Ms Peters was not the first mental health patient turned away from a hospital on the grounds that it was not their local area, Mr Cummings said. He was not aware of any patient with a physical medical emergency being treated in the same manner, suggesting mental health crises were not escalated with the same urgency as physical illness or injury.

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Ms Peters’s case was complicated by severe headaches that she had experienced since undergoing electroconvulsive therapy administered at a private clinic in January.

“I felt as though I was losing my mind, I felt like my brain was on fire,” Ms Peters wrote in an email she sent to her aunt. “I am now in such a state. I don't know where to turn … Please help me, I am so desperate.”

Electroconvulsive therapy is considered effective, backed by strong evidence for severe depressive disorders where other treatments have failed. Patients have credited it with saving their lives, though others have complained about neurological problems and some psychiatrists have expressed concerns that the treatment is being inappropriately administered to unsuitable patients by a minority of clinicians.

Ms Peters’ severe headaches caused some confusion among the disparate treating teams as to whether it should be treated as chronic pain or a manifestation of her psychiatric condition.

According to an internal investigation launched by South East Sydney Local Health District, Ms Peters told Sutherland Hospital she needed to be admitted for her headaches, stating “I just cannot handle it”. The report stated “denied thoughts of self-harm and suicidal ideation”.

Mrs Brennan said she did not believe her niece would not have disclosed she was suicidal.

“There is just no way she would not have told them … she wanted help,” she said.

Prince of Wales Hospital considered Ms Peters a psychiatric patient but did not communicate this to a private hospital that had initially agreed to admit her. But when she described her severe headaches they deemed her ineligible for a mental health admission on the grounds that her symptoms required medical treatment.

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“That was the final knockback,” Mrs Brennan said. “Tammy must have thought no one was going to help her.”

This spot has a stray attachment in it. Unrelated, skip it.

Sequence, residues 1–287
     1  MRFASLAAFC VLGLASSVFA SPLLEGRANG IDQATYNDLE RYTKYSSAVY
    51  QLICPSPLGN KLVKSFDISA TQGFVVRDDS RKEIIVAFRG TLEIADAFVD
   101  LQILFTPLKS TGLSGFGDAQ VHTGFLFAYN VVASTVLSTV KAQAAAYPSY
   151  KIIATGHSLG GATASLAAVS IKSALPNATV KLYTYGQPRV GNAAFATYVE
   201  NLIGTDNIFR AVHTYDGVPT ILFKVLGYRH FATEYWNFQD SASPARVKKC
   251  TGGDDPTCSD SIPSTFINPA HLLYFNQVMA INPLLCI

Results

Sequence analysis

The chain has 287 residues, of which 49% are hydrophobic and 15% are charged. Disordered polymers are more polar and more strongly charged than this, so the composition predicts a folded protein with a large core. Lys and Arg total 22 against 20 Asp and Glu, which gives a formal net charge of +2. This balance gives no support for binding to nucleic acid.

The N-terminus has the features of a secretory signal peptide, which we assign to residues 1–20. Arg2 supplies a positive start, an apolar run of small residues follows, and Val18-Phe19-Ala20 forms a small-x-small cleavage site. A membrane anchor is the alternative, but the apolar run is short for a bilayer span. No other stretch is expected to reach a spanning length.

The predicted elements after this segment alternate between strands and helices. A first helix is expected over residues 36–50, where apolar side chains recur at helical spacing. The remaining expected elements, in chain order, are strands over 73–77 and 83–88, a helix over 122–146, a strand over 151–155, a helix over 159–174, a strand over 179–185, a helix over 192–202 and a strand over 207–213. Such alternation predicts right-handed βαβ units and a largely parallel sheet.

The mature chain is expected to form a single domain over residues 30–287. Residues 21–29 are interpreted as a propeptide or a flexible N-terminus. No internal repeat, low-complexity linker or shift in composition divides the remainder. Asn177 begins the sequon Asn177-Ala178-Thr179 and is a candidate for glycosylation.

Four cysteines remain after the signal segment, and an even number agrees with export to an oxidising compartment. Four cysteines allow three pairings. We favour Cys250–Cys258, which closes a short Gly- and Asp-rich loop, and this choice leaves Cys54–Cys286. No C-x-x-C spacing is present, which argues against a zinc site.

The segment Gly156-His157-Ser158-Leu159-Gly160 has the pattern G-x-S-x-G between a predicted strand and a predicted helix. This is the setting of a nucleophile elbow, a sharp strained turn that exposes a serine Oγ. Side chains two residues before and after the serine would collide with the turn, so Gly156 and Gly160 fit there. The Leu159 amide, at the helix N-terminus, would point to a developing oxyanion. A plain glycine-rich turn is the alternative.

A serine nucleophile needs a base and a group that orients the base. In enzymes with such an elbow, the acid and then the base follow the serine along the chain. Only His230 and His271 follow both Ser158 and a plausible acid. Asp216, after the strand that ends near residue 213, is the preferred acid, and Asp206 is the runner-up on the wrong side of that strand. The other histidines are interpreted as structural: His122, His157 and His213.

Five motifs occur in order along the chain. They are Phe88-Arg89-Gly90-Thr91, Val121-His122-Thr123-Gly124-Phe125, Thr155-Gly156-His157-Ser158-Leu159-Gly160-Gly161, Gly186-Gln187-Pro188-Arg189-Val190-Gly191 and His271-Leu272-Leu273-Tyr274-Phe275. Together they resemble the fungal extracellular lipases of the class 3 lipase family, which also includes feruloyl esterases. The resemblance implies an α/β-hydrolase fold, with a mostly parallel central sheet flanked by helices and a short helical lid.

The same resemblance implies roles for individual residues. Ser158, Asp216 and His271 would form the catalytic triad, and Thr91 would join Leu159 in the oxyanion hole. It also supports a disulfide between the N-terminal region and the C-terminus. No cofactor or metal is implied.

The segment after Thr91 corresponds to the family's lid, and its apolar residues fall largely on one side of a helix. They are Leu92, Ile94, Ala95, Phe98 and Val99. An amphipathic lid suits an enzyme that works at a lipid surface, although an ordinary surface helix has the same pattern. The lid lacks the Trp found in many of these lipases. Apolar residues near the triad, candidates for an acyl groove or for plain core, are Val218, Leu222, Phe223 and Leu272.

A spokesperson from the South East Sydney Local Health District said "senior clinicians have been in contact with the family to discuss their concerns and to offer support”.

The internal investigation identified “a number of system improvement opportunities that were not assessed as contributing to the tragic death" including a review of the Sutherland acute care team’s clinical information handover process.

The report also recommended that if a family member contacts the service, a clinician should review the patient’s medical records and relay clinical information to their treating team.

Dr Fiona Shand, a senior research fellow and head of the suicide prevention program at the Black Dog Institute, said the period immediately after a mental health discharge was a “very high-risk time” for suicide.

“There has been a lot of work done to make sure people are being followed up after discharge but if people aren’t able to access care when they reach that absolute crisis point there is a problem,” she said.

Identifying which patients are at greatest risk of suicide is notoriously unpredictable, and psychiatrists have long debated whether hospitals are the safest and most therapeutic settings for these patients.

In May, University of NSW Scientia Professor Gordon Parker warned of the “psychiatric breakdown of the public system” and mental health units constantly at capacity, where psychiatrists weighed the risks of discharging patients too early to open a bed for new patients in need of acute care.

NSW Health chief psychiatrist Dr Murray Wright said the challenge for the mental health system was to ensure services were communicating and co-ordinated so patients in crisis got the help they needed.

"It’s a really significant challenge because a person’s mental health needs can change dramatically with very little notice,” Dr Wright said.

“Everyone working in the system is distraught when something like this happens. There is a series of very significant issues being raised by the family of this poor woman.

"When things go tragically wrong we need to look at this very carefully, and what we can do locally and at a system level to learn whatever we can ... that is a responsibility we take very seriously.”

Dr Wright’s advice to anyone feeling suicidal or having a mental health crisis to go to an emergency department and seek help from the mental health services that best knows their circumstances.

“That doesn’t absolve the system from being able to cope and respond appropriately ... no matter which door they knock on," he said.

Support is available for those who may be distressed by phoning Lifeline 13 11 14; MensLine 1300 789 978; Kids Helpline 1800 551 800; beyondblue 1300 224 636. In an emergency call triple zero.